Top Prospect #16: Daniel Haigwood

The Phillies got more in the Jim Thome deal than many thought that they would, considering Thome's sliding numbers and big contract. Two young left-handers were included with Aaron Rowand and both of them look like big additions to the organization. Daniel Haigwood is the most progressed and closest to helping at the major league level.

Daniel Haigwood had no idea how drastically his life was going to change last fall. "I was definitely surprised," Haigwood said, speaking of the trade. "I was just sitting at home and I got a phone call that I had been traded." Now that he's with the Phillies though, he's making the most of the opportunity. "I didn't really know much about the Phillies, but I'll learn and I'll fit in."

It looks like Haigwood will start the season at AAA Scranton Wilkes-Barre and not be given much consideration to make the club. After all, there is already a glut of pitchers fighting for just a few spots. If and when the Phillies do need Haigwood though, he believes he's ready. "Coming into the off-season, I thought I needed more work, but I worked hard this off-season and now, I think I'm ready [for the majors]," said the 22 year old left-hander.

'02 AZL (R) 8 4 2.28 0 14 14 75.0 69 31 19 2 26 74
'03 Injured 0 0 0.00 0 0 0 0.0 0 0 0 0 0 0
'04 Kannapolis (A) 10 4 4.76 0 21 21 113.1 97 63 60 10 56 99
'05 Winston-Salem (A) 8 2 3.77 0 15 15 76.1 79 39 32 8 33 84
'05 Birmingham (AA) 6 1 1.74 0 11 11 67.1 39 14 13 0 31 76
Career 32 11 3.36 0 61 61 332.0 284 147 124 20 146 333

Acquired: Came to the Phillies along with outfielder Aaron Rowand and pitcher Giovany Gonzalez in a deal that sent first baseman Jim Thome and cash to the Chicago White Sox on November 25, 2005. Was originally drafted by the White Sox in the 16th round of the 2002 Draft.

Repertoire: Throws the basic fastball, curveball and change-up, with a slurve thrown in for good measure. "My best pitch is my change-up," explained Haigwood. His fastball is generally right around 90 miles per hour and he gets good movement on the pitch. Haigwood mixes his pitches and uses his change-up effectively to make his fastball look faster than it is.

Pitching: This is a smart pitcher who gets the most out of what he's got. He posted an awesome 1.04 WHIP mark at AA Birmingham last season after being promoted from Class-A Winston-Salem. He's got a strong career 1.30 WHIP in three minor league seasons. Haigwood missed the entire 2003 season with an ACL tear and returned slowly in 2004. By last season though he was back to form and put up impressive numbers. For a lefty, he's especially tough on right-handed hitters, who managed just a .216 average against Haigwood in his two minor league stops last season. At AA, right-handers managed to hit just .141 against him. Overall, left-handers didn't do much better, batting just .246 against Haigwood last year.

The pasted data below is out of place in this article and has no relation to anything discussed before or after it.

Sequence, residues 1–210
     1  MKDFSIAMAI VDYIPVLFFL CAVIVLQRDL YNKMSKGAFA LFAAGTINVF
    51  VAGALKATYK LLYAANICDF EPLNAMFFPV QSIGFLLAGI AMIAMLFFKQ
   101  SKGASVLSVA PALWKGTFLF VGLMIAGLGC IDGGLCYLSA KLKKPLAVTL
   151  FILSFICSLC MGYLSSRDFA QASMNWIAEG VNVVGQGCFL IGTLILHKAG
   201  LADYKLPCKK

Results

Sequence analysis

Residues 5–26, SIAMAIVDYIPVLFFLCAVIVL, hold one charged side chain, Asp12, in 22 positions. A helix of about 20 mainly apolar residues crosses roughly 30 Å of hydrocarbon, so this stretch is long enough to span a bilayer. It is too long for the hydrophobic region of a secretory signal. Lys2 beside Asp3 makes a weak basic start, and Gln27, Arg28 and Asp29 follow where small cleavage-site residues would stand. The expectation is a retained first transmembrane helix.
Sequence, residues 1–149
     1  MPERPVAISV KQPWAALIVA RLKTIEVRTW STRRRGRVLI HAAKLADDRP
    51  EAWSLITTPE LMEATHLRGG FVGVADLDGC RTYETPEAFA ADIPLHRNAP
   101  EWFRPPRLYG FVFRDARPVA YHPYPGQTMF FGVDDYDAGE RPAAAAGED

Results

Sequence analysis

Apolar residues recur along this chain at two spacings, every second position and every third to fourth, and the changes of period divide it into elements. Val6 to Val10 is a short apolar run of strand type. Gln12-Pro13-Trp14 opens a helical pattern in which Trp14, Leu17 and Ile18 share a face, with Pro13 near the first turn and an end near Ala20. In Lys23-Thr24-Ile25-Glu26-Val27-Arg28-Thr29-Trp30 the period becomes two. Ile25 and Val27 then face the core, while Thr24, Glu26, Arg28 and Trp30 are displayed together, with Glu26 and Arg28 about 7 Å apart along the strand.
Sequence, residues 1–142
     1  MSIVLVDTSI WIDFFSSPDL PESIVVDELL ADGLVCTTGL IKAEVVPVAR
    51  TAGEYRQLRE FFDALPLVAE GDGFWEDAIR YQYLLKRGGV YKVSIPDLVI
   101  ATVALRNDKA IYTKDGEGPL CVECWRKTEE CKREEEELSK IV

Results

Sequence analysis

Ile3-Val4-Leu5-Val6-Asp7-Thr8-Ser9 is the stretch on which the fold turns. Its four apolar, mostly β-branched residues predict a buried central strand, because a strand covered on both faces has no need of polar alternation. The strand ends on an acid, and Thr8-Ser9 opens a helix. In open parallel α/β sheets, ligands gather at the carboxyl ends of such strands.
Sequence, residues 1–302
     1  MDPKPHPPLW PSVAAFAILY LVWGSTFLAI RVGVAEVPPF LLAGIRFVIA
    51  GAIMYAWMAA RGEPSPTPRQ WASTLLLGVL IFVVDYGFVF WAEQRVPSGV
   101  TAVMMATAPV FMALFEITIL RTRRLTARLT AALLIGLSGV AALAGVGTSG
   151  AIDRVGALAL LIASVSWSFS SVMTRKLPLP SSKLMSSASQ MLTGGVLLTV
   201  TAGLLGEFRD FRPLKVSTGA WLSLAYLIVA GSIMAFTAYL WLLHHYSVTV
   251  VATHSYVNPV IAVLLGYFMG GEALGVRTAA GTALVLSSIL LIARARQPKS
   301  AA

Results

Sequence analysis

Projection: Haigwood believes that he could pitch in the majors now, but he probably does need work at AAA. The Phillies aren't going to really consider him for a major league job, because they've got so many options. They do have him in major league camp, but at some point, he'll be sent over to the minor league complex to join up with the players who will comprise the Scranton roster. Haigwood probably won't even be the first option to be recalled if there is an injury or slump at the major league level, but should get an audition in September. Next spring, it's likely that he'll be in the mix for a spot in the starting rotation.

Comparison: In the White Sox organization, Haigwood was where Gavin Floyd was for the Phillies a couple of seasons ago. He may not have quite the upside that Floyd was given at that time, but there is no doubt that he can at least fill a middle-of-the-rotation job for the Phillies down the road. He and Giovany Gonzalez, who also came over from the White Sox, give the Phillies a pretty formidable couple of left-handers that weren't in the organization this time last year.


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